Putin’s election as president doesn’t bode well for Russia

The natural reaction to Vladimir Putin’s recent election as president of Russia would be, “He’s back” — but for the fact that he never actually gave up the presidency, even though he deeded the position four years ago to Dmitry Medvedev.

Putin, who had served as president for two four-year terms and then was appointed prime minister in 2008 by Medvedev, has always held the reins of power. Indeed, he handpicked his successor and made sure that the policies he had put in place were maintained. While Medvedev won the post in an election, Putin retained ultimate power.

Thus, his return March 4 through an election that independent observers, including western monitors, have said was fraught with irregularities puts an end to the farce. Indeed, Putin could be president for the next 12 years.

The citizens of the Russian Federation, along with the United States and other nations committed to the spread of democracy have reason to be concerned.

It will not be long before there is a nationwide crackdown on opposition activists and others who have been demonstrating since the March 4 election.

Today, in the capital Moscow, a rally was expected to draw up to 50,000. Earlier in the week, RadioFreeEurope/RadioLiberty reported that authorities had grated permission to those unhappy with Putin’s election to a third term to gather this weekend in the city’s central Arbat Square.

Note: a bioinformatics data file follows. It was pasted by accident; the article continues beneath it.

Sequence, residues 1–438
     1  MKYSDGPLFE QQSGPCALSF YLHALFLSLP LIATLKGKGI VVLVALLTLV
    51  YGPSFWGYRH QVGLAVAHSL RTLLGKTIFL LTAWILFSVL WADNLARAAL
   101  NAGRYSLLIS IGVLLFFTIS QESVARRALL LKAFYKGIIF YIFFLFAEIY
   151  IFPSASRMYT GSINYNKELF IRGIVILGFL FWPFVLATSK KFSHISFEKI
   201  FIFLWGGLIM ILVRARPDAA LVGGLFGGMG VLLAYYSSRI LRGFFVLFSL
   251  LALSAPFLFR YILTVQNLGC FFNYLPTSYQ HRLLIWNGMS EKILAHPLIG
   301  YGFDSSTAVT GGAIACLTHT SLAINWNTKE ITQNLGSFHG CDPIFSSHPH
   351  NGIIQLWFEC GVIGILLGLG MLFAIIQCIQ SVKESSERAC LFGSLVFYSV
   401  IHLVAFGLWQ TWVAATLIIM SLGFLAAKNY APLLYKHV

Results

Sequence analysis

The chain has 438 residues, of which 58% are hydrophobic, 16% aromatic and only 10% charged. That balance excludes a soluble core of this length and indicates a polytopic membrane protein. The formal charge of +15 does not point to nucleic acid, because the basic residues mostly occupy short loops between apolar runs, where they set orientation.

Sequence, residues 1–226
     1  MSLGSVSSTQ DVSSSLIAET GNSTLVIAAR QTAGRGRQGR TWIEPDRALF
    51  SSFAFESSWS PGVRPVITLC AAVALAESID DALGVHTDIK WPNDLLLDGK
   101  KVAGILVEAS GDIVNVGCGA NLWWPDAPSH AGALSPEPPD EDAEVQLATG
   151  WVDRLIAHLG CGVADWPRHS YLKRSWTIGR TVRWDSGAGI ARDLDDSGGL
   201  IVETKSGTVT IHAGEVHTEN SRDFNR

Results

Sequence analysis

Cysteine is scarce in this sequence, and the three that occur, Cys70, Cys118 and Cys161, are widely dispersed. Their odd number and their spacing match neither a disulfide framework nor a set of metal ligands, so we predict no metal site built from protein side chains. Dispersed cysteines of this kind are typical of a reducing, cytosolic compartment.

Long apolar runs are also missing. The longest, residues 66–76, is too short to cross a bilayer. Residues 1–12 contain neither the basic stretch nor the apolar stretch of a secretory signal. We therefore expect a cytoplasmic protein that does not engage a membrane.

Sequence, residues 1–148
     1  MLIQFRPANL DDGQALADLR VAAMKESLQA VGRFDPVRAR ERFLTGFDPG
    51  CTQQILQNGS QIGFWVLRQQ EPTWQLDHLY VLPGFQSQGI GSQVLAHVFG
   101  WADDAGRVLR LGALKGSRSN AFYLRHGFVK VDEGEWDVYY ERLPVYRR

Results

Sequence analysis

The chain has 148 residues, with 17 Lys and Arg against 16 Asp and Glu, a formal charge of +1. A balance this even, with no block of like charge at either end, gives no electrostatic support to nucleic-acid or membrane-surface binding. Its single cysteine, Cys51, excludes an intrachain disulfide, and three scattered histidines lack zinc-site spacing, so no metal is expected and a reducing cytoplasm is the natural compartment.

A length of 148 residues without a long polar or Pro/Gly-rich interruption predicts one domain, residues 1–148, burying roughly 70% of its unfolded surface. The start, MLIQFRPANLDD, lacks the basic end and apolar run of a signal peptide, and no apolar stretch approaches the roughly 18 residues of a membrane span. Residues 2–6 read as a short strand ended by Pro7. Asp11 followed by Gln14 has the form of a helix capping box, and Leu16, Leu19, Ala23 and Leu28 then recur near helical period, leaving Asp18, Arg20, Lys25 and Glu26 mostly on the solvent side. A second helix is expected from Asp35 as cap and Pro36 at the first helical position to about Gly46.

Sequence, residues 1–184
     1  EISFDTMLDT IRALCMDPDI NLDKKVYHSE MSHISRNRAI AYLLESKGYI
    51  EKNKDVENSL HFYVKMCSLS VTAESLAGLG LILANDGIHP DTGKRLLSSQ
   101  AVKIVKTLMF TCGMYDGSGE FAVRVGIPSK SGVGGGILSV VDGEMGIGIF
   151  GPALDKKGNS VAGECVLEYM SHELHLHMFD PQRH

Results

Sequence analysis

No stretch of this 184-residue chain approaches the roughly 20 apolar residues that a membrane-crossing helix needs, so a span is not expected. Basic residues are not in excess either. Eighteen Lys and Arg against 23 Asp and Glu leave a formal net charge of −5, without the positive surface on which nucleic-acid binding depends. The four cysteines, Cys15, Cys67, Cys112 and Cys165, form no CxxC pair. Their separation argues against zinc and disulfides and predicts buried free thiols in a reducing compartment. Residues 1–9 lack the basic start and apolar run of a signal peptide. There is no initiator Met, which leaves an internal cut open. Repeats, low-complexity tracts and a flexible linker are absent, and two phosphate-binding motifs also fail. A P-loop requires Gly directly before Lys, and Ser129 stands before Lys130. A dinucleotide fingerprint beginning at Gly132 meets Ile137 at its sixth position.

It would not come as a surprise if the government gave the demonstrators a false sense of security, only to swarm down on them with heavily armed police and riot troops.

During the week, police and riot troops used clubs and physical force to detain and intimidate thousands of anti-Putin protesters gathered Monday in two central locations in Moscow, RadioFreeEurope reported.

Putin’s return to the presidency means a major step backwards for Russia, because the former spy agency official has never been an advocate of true democracy. He has the mentality of former Soviet Union leaders who kept citizens under foot and deprived them of basic freedoms.

But with the advent of social media, young Russians are not only aware of what has been going on around the world with regard to freedom movements, especially in North Africa and the Middle East, but are no longer intimidated by the security forces.

Violent counterattack

However, it’s just a matter of time before Putin decides that they are undermining the stability of the country and launches a violent counterattack.

One of the reasons the president isn’t shy about using force against his own people is that the West, led by the United States, has been reluctant to publicly criticize him.

When former President George W. Bush said he looked into Putin’s eyes and saw his soul, he was touting his friendship with the Russian leader. Bush’s successor, President Barack Obama, has also been willing to turn a blind eye to the atrocities in Russia because of the country’s importance in the global economy. In addition, Russia has relationships with countries such as Syria and Iran that threaten the stability of the Middle East.

Nonetheless, Russians need to hear from the White House that they will not be abandoned if they are once again forced to live under the dictatorial regime in the Kremlin.

As a start, the United States and other Western countries should urge the United Nations to investigate the complaints of voting irregularities and of physical force and intimidation against Putin’s critics.

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